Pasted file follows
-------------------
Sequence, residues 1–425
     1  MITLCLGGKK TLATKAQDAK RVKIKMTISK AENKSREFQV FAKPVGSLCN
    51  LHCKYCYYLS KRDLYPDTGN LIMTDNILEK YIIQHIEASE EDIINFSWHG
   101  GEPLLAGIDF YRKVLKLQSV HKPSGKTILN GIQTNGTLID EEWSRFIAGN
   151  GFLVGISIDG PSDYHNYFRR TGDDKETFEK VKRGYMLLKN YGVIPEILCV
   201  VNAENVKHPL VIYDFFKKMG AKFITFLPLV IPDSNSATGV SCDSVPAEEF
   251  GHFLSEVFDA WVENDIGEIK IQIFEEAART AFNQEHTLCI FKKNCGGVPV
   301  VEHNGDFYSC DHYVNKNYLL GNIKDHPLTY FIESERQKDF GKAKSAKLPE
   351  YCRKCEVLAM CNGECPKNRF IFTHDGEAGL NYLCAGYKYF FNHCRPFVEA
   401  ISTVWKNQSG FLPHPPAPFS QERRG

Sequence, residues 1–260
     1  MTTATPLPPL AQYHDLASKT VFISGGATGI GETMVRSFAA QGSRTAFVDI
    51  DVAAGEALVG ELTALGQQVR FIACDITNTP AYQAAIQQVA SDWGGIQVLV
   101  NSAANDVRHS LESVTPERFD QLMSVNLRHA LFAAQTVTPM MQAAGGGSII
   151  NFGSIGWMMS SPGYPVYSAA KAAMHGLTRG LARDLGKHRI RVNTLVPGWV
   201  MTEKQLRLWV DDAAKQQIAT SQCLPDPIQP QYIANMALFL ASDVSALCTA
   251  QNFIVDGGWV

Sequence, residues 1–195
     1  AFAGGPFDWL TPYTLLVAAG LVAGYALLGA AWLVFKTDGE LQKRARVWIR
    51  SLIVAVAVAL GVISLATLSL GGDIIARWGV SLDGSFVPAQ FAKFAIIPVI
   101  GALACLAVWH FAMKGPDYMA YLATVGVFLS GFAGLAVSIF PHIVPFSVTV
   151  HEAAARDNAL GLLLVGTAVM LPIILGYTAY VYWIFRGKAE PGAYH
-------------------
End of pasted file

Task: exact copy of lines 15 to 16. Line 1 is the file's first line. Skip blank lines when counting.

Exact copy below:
   151  NFGSIGWMMS SPGYPVYSAA KAAMHGLTRG LARDLGKHRI RVNTLVPGWV
   201  MTEKQLRLWV DDAAKQQIAT SQCLPDPIQP QYIANMALFL ASDVSALCTA